Download a high resolution photo of the author (credit: Brian Miller)
Marcia Falk was born in New York City and raised on Long Island in a Conservative Jewish home. As an adolescent, she studied painting at the Art Students League and took classes in Hebrew and Jewish studies at the Jewish Theological Seminary. She received a BA in philosophy magna cum laude from Brandeis University and a PhD in English and comparative literature from Stanford. She was a Fulbright Scholar in Bible and Hebrew literature at the Hebrew University in Jerusalem and later returned as a Postdoctoral Fellow. A university professor for two decades, she taught Hebrew and English literature, Jewish studies, Bible, and creative writing at Stanford, Binghamton University, and the Claremont Colleges.
Marcia is widely known in the Jewish world for her poetic re-creations of Hebrew and English liturgy from an inclusive, nonpatriarchal perspective. Her bilingual prayer book, The Book of Blessings: New Jewish Prayers for Daily Life, the Sabbath, and the New Moon Holiday, originally published in 1996 and released in a 20th-anniversary edition by the CCAR Press, is considered a classic of modern Jewish liturgy and is used today by congregations in North America, Europe, and Israel, as well as by individuals. The Book of Blessings has been praised by distinguished author Cynthia Ozick, who wrote, "Marcia Falk's work on Hebrew blessings is as beautiful as it is innovative," and by liturgy scholar Rabbi Lawrence Hoffman, who called it "a liturgical and literary masterpiece."
The Days Between: Blessings, Prayers, and Directions of the Heart for the Jewish High Holiday Season, published in 2014, continued Marcia’s liturgical project. It received praise from many writers and rabbis, including Rabbi David Teutsch, professor of Jewish civilization at the Reconstructionist Rabbinical College, who called it “a wonderful companion for the Ten Days of T’shuvah.” Excerpts from The Book of Blessings and The Days Between appear in the standard prayer books of the major liberal Jewish denominations, including Reform, Conservative, Reconstructionist, and Renewal, as well as by the Reform movement in Israel.
In addition to her books of prayer, Marcia has published several volumes of poems and translations from Hebrew and Yiddish. Her translation of the biblical Song of Songs, which first appeared in 1977 and remains in print today, is considered a modern classic. Nobel Laureate I. B. Singer said of it, “I thought until now that the Song of Songs could not be translated better than in the King James Version. Marcia Falk has done an exceptional poetic job. She has great power in her language.”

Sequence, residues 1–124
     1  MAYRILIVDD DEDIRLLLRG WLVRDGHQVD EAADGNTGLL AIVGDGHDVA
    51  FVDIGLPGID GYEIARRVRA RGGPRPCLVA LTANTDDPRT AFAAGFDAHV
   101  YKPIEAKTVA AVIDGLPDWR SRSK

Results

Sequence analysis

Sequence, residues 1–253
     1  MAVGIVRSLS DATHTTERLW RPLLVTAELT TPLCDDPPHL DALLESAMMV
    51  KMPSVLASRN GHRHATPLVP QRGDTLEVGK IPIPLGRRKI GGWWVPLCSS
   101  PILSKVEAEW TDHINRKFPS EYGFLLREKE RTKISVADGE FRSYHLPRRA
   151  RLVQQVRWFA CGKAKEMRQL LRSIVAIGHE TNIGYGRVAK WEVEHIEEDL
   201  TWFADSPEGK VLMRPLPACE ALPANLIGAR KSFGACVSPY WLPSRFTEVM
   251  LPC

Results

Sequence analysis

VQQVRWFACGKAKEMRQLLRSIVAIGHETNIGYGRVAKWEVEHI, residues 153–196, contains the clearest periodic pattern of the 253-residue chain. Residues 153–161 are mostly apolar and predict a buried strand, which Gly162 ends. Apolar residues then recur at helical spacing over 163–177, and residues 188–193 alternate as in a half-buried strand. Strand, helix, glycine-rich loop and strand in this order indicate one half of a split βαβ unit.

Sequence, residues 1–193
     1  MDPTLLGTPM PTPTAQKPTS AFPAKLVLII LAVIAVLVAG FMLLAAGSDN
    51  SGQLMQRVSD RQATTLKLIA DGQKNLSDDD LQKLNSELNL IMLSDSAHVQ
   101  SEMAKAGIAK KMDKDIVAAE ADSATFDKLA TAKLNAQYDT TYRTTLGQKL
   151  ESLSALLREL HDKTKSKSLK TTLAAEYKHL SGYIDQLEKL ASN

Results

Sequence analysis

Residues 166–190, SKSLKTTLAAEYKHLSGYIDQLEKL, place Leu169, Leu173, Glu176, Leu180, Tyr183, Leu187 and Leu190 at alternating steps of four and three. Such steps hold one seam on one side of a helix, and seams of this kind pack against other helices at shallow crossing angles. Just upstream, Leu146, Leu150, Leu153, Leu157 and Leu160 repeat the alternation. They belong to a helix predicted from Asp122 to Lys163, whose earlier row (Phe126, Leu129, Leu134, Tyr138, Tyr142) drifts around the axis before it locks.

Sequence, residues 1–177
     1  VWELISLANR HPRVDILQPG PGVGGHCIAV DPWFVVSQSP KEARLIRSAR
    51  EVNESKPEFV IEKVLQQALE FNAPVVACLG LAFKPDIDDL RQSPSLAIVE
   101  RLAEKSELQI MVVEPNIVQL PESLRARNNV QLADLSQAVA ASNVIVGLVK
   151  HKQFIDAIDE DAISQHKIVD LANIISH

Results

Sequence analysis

Among the 20th-century poets Marcia has translated are the Yiddish modernist Malka Heifetz Tussman and the Hebrew mystic Zelda. Poet Adrienne Rich wrote of Falk’s translations and poetry, “It’s always a thrill when (as rarely happens) the scholar’s mind and the poet’s soul come together.”
In 2018, Marcia published a limited-edition book, Inner East: Illuminated Poems and Blessings, which contains her original artwork side-by-side with her poetry and blessings. By accompanying written words with visual images, Inner East aims to reach beyond the limits of verbal expression to deepen a prayerful state. Artist Mark Podwal, author of Reimagined: 45 Years of Jewish Art, has said, "Inner East is a marriage of word and image in which neither is subservient to the other. Falk's beautiful visual images are poems in paint that do not merely illustrate her written words but illuminate them."
Marcia's latest book is Night of Beginnings, a groundbreaking new haggadah for the Passover seder, published by the Jewish Publication Society/University of Nebraska Press in February 2022. Unlike traditional as well as new haggadahs, which do not contain a full recounting of the biblical story, Night of Beginnings presents the Exodus narrative in its entirety, providing a direct connection to the ancient origins of the holiday. This retelling highlights the actions of its female characters, and like her previous liturgical books, contains revolutionary new blessings to substitute for the traditional, patriarchal seder blessings. Her kavanot—meditative directions for prayer—introduce a genre new to the seder ritual, and her commentary on the biblical story raises interpretive questions that invite us to bring personal reflections into the discussion. Night of Beginnings has been lauded by numerous rabbis, scholars, and writers, including Yair Zakovitch, Emeritus Professor of Bible at the Hebrew University, and Rabbi David Ellenson, Chancellor Emeritus of Hebrew Union College, who called the book “magnificent” and said that it reveals “the liturgical genius of Marcia Falk.”
Marcia is also a painter. Her work has been exhibited in solo and group shows in universities, JCC galleries, and other venues. Her latest project is a series entitled “Inner East,” which juxtaposes her paintings with excerpts from her books.
A popular public speaker and dramatic reader of poetry, Marcia travels widely to college campuses, JCCs, and synagogues. Her topics range from the love lyrics of the Bible to contemporary Jewish women writers to the creation of inclusive prayer. She also leads congregations in services and rituals from The Book of Blessings and The Days Between.
Marcia lives in Berkeley, California, with her spouse, the poet Steve Rood. Their son, Abraham Gilead Falk-Rood (aka Abby), teaches English and leads a music club in a public high school for immigrants in Oakland, California. He also tutors children with disabilities. For several years, Abby was a popular seller of produce at Berkeley’s farmers’ markets, where he is still a denizen. To this day, his parents don't lack for organic vegetables and fruit—a gift that has been especially appreciated during pandemic times.
© Marcia Lee Falk. Photo of Marcia & Abby by Steve Rood.
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